Vienna: No date has yet been fixed for UN inspectors to visit a controversial new site where Iran has admitted to building a second uranium enrichment plant, the International Atomic Energy Agency said on Monday.
"There's no date yet," a spokesman for the atomic watchdog said amid calls by western countries for immediate access to the facility situated inside a mountain near the holy city of Qom, 160 kilometres south of Tehran.
Iran admitted last week that it is building a uranium enrichment plant at the site, its second after a facility in Natanz, in defiance of repeated UN demands for a halt to all enrichment activities until the IAEA can vouchsafe that they are entirely peaceful, as claimed by the Islamic republic.
Enriched uranium can be used to make nuclear fuel, but also the fissile material for an atomic bomb.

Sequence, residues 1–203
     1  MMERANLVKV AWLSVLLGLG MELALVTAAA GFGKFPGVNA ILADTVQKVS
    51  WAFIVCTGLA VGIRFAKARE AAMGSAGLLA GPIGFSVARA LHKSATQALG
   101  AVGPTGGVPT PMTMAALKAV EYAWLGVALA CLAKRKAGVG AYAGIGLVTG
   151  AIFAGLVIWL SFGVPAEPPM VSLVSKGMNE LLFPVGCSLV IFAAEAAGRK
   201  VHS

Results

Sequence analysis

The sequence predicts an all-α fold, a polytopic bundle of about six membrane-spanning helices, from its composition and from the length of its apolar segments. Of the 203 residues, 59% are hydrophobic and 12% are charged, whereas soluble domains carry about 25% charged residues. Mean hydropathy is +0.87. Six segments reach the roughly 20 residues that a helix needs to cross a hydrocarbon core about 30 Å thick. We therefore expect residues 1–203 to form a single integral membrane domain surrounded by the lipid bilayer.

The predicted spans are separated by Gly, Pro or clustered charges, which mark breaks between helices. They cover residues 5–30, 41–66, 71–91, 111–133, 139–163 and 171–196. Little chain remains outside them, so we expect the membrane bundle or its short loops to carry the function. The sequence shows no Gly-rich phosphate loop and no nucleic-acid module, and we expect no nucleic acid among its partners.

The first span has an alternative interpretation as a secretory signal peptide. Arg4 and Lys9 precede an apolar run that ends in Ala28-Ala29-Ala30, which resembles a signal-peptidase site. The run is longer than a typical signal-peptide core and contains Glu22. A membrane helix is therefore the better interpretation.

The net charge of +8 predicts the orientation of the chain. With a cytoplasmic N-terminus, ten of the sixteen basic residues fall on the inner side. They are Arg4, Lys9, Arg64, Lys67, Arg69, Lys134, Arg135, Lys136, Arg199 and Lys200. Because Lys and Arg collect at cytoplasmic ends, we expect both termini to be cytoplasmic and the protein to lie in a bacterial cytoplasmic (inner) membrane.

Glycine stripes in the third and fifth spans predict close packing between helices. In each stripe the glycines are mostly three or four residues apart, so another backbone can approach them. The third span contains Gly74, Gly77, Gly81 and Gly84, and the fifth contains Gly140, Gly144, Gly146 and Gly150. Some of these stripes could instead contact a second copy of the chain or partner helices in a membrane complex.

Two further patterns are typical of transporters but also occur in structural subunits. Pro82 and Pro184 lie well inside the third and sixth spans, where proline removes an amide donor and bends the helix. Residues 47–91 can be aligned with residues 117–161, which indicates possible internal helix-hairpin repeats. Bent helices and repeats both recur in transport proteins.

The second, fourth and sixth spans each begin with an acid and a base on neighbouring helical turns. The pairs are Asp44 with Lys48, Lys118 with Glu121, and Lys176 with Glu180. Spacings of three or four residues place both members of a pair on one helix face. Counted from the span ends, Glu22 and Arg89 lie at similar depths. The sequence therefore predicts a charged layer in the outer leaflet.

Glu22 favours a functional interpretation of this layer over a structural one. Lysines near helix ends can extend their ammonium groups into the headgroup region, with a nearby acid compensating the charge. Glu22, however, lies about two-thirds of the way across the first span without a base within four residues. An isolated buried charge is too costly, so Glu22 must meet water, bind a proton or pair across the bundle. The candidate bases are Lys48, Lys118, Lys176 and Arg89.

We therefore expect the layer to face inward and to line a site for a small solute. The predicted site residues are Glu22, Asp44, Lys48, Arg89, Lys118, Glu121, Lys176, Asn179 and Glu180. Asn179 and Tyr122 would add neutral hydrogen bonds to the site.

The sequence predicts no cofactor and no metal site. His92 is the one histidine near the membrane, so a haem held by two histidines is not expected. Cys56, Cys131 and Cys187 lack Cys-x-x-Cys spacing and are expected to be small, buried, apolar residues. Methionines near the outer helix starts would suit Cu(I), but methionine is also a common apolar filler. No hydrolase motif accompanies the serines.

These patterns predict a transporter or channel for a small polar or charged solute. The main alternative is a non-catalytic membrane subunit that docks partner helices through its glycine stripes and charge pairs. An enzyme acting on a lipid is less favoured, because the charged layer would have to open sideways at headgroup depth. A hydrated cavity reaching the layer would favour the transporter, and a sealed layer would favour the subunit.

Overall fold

At last week's G20 summit in Pittsburgh, Pennsylvania, US President Barack Obama, French President Nicolas Sarkozy and British Prime Minister Gordon Brown threatened tough sanctions if Iran failed to open the plant to IAEA inspectors.
"We expect the IAEA to immediately investigate this disturbing information and to report to the IAEA board of governors," Obama said, describing the new plant as a "direct challenge" to international non-proliferation rules.
First Published: Monday, September 28, 2009, 23:51